I'd be very interested in seeing how other people solved this - please post if you used a different route of thinking.

D says that k has to be a multiple of 9 K = sum of the digits of M

so lets a couple of cases

we know m = 18 n

when n=0 m=0 so k =0 and k is a multiple of 9 , D is true

when n=1,2...6 m= 18, 36,....108 so k = 9 again K is a multiple of 9 , D is again true

when n = -1 or -2 or -6 then m = -18 or -36 or -108 then k = 7 or 3 or 7 ..but now K is not a multiple of 9 ??

so how can D always be true ??

Please note question does not mention that n is a positive integer or M is a positive integer . if n is a negative integer as shown above then m will be negative and the sum of the digits of M will not always be 9 so please do explain how D is always true ??

The sum of the digits of -18 is still 9 (1+8) not not 7 (-1+8).

Re: If k is the sum of the digits of integer m, and m=18n, where [#permalink]
14 Aug 2012, 22:34

Bunuel wrote:

stne wrote:

Club909 wrote:

Great question. Made me think for a while.

My answer is D.) "K is a multiple of 9".

We know that M is always divisible by 18 which means that M is always divisible by 9. This implies that the sum of the digits of M (also referred to as k) will ALWAYs be divisible by 9 (refer to the divisibility rules if you want confirmation).

I kept thinking 0 was a loophole until I realized that 0 is a multiple of ALL integers so in the case k=0 (occurs when n=0), k is still a multiple of 9. I also got stuck for a bit on answer choice E.) "K is a multiple of 6" until some plug-n-chug at n=1 disproved this answer.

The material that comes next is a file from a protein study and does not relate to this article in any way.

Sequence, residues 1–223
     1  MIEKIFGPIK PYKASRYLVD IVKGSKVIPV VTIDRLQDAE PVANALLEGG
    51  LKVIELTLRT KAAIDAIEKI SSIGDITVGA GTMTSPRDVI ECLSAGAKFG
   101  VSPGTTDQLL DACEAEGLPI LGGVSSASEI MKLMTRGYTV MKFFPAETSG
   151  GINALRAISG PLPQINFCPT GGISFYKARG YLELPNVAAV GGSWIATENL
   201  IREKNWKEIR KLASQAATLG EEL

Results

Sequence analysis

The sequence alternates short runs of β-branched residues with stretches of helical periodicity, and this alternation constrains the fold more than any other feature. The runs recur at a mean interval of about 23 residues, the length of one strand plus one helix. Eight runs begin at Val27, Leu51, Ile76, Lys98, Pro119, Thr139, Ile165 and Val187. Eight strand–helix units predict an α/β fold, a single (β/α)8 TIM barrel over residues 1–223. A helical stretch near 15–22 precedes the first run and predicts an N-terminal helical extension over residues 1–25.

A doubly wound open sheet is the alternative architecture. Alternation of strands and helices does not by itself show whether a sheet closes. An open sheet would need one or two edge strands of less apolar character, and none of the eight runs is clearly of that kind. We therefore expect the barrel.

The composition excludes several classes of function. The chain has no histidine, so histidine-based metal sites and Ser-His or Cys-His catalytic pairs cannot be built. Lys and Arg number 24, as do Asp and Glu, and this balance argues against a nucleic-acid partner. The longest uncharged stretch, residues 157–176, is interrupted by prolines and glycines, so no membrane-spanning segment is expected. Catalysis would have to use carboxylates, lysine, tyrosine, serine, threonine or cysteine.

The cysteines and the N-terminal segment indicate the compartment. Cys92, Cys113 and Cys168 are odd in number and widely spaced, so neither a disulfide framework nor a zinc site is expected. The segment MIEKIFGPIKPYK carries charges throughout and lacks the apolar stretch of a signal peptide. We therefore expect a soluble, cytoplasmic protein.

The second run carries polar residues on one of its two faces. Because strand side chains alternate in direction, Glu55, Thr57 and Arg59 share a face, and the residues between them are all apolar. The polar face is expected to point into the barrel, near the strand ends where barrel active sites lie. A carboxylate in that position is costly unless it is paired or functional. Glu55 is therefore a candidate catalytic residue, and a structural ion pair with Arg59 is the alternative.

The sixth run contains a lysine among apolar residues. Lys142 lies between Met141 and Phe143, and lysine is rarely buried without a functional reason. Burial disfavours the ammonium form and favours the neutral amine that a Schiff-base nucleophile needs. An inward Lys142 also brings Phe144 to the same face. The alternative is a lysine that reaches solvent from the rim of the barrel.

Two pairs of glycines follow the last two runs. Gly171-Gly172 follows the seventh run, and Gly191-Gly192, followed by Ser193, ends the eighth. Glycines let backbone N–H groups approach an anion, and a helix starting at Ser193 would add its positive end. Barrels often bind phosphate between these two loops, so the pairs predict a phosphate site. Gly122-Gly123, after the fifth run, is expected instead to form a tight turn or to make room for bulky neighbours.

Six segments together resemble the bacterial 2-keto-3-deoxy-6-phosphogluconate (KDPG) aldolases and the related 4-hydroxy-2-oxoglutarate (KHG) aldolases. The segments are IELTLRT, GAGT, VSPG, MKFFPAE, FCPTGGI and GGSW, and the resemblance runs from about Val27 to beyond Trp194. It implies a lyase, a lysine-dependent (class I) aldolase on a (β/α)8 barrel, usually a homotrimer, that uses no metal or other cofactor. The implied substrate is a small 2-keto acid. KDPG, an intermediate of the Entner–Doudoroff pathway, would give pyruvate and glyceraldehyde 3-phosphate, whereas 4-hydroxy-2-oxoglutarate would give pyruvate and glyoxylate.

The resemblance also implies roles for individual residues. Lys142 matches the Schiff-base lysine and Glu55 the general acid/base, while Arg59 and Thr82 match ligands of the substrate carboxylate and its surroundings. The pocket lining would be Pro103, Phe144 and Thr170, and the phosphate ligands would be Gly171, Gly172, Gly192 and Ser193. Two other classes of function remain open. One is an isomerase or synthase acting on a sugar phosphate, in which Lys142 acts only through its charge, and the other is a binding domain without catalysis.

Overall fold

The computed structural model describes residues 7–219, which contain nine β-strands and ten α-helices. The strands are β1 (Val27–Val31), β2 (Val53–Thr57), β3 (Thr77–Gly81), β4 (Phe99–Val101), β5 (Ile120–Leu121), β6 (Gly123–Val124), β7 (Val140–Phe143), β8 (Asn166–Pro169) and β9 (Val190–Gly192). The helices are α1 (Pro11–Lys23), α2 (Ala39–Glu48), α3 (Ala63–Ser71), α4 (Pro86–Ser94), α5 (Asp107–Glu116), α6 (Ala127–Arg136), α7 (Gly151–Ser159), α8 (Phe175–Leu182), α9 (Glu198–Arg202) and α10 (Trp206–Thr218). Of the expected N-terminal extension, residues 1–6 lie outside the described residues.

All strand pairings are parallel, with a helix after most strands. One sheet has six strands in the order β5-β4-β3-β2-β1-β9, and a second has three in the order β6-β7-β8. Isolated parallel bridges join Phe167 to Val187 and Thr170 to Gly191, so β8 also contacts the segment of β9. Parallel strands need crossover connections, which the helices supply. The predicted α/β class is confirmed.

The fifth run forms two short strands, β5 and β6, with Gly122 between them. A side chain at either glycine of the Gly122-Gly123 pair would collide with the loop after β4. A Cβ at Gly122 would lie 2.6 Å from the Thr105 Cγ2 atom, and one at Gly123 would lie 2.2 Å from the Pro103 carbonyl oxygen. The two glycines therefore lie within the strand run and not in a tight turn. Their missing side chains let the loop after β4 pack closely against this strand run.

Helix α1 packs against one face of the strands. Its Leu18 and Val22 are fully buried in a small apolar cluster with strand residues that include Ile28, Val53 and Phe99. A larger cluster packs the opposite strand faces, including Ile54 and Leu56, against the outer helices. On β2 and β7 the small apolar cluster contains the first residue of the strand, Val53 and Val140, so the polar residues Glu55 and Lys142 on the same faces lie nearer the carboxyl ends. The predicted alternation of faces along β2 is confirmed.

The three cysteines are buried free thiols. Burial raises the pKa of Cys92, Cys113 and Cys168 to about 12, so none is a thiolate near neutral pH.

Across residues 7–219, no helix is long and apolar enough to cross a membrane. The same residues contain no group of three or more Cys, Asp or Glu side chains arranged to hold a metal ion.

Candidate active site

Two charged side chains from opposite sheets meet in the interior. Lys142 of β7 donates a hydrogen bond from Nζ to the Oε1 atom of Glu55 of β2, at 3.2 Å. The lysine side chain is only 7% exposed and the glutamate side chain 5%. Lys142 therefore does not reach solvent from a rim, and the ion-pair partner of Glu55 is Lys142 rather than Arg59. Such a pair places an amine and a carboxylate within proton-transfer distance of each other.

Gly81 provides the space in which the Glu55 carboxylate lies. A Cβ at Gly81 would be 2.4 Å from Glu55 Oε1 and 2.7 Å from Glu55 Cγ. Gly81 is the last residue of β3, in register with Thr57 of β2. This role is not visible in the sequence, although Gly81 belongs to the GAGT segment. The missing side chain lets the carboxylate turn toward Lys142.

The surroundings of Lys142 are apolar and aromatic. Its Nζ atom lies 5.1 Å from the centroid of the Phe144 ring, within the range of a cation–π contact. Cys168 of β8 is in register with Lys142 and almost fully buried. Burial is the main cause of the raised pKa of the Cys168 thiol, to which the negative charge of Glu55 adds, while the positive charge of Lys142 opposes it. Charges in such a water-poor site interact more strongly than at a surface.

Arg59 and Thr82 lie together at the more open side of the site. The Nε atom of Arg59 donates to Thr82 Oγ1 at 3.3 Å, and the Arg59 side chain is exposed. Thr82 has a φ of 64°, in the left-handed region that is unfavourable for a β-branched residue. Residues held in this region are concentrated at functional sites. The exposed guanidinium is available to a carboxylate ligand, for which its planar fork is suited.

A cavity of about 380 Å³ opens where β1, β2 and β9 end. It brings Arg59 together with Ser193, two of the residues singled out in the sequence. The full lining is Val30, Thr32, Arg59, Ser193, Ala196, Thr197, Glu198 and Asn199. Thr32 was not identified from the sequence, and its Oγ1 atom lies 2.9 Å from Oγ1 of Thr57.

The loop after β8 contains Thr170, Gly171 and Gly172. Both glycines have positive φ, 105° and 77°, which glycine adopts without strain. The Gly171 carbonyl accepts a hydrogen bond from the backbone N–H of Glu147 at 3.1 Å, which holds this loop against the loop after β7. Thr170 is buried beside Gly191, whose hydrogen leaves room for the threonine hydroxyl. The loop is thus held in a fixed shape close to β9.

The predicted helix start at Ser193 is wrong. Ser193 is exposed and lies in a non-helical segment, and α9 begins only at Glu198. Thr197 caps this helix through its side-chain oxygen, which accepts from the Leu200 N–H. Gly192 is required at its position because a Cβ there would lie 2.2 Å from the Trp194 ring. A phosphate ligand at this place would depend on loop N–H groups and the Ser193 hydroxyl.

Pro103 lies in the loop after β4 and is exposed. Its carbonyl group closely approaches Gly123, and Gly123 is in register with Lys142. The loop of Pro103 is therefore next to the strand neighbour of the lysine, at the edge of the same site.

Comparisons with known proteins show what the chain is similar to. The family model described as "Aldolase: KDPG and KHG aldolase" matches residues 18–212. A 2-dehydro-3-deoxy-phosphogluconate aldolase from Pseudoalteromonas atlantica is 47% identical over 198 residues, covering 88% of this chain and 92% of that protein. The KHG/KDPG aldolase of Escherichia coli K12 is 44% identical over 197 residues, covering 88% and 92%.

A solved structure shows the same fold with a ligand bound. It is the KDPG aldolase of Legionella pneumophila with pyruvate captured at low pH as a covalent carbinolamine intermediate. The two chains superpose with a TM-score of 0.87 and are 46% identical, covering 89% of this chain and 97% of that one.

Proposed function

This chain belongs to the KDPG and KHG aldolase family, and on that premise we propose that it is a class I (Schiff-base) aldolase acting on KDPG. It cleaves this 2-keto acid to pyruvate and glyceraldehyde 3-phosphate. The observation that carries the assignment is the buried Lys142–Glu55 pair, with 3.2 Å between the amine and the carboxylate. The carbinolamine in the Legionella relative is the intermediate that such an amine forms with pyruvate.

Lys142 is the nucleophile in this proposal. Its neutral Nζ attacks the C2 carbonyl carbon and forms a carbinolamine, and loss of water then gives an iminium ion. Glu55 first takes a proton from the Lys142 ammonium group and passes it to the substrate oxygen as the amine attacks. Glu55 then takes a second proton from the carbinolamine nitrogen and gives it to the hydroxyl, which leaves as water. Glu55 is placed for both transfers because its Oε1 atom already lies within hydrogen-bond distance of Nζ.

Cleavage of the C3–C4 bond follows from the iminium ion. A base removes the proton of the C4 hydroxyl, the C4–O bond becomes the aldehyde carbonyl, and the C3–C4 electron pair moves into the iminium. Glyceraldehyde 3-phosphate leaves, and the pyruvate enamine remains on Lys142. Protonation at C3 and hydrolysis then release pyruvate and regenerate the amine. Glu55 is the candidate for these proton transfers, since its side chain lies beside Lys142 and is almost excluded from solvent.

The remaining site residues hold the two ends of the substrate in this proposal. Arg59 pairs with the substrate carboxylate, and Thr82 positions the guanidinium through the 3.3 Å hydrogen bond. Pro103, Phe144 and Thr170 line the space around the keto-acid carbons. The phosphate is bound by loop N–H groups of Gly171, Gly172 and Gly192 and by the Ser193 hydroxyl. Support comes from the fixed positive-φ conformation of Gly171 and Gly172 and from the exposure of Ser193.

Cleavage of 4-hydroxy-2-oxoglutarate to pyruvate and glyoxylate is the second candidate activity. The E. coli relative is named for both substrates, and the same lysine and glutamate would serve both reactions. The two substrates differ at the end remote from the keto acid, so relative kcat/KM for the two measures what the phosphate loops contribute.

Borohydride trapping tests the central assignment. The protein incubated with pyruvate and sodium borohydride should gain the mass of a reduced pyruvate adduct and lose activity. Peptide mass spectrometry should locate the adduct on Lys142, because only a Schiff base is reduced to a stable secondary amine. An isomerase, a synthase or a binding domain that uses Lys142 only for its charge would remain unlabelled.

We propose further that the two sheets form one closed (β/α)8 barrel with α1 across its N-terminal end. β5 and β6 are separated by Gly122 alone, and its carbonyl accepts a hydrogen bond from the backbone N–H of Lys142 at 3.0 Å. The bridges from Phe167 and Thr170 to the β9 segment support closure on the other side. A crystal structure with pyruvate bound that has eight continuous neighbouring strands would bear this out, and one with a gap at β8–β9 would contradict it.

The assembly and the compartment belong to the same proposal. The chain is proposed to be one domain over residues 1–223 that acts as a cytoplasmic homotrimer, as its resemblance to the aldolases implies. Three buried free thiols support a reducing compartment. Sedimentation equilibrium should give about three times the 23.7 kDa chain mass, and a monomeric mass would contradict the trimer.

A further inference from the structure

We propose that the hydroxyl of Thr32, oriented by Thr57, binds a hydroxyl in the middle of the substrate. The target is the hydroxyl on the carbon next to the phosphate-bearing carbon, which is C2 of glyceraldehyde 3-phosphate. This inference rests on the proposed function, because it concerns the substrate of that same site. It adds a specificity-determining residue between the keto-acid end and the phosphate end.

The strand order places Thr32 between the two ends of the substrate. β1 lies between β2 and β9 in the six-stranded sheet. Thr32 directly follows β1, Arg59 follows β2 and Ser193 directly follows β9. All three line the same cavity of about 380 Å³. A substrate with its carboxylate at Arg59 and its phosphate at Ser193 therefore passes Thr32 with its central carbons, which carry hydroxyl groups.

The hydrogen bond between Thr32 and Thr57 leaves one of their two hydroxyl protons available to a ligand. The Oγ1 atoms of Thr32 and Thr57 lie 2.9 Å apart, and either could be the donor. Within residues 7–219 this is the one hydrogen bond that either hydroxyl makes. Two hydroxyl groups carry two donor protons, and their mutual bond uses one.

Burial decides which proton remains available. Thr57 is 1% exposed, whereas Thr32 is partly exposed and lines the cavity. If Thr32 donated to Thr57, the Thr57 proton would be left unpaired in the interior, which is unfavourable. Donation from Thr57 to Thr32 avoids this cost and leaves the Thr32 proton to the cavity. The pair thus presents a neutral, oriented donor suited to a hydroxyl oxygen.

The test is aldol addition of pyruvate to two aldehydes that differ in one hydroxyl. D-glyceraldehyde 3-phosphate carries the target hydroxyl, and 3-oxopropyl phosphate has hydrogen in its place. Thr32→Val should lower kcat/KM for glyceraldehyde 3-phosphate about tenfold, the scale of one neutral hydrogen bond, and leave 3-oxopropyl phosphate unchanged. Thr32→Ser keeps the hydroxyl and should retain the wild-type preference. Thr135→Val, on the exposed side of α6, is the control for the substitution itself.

I'd be very interested in seeing how other people solved this - please post if you used a different route of thinking.

D says that k has to be a multiple of 9 K = sum of the digits of M

so lets a couple of cases

we know m = 18 n

when n=0 m=0 so k =0 and k is a multiple of 9 , D is true

when n=1,2...6 m= 18, 36,....108 so k = 9 again K is a multiple of 9 , D is again true

when n = -1 or -2 or -6 then m = -18 or -36 or -108 then k = 7 or 3 or 7 ..but now K is not a multiple of 9 ??

so how can D always be true ??

Please note question does not mention that n is a positive integer or M is a positive integer . if n is a negative integer as shown above then m will be negative and the sum of the digits of M will not always be 9 so please do explain how D is always true ??

The sum of the digits of -18 is still 9 (1+8) not not 7 (-1+8).

Hope it's clear.

Ok, if - 18 = 1+8 then D is always true , Got it
_________________

Re: If k is the sum of the digits of integer m, and m=18n, where [#permalink]
08 Dec 2013, 00:57

1

This post received KUDOS

lajulajay wrote:

Can someone post an example of a case when C is not true?

Hello lajulajay

Let try n = 11 ==> m = 18*11 = 198 ==> k = 1 + 9 + 8 = 18 ==> 2k = 36

But 198 / 36 = 5.5 ==> C is not always correct.

Hope it helps.
_________________

Please +1 KUDO if my post helps. Thank you.

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gmatclubot

Re: If k is the sum of the digits of integer m, and m=18n, where
[#permalink]
08 Dec 2013, 00:57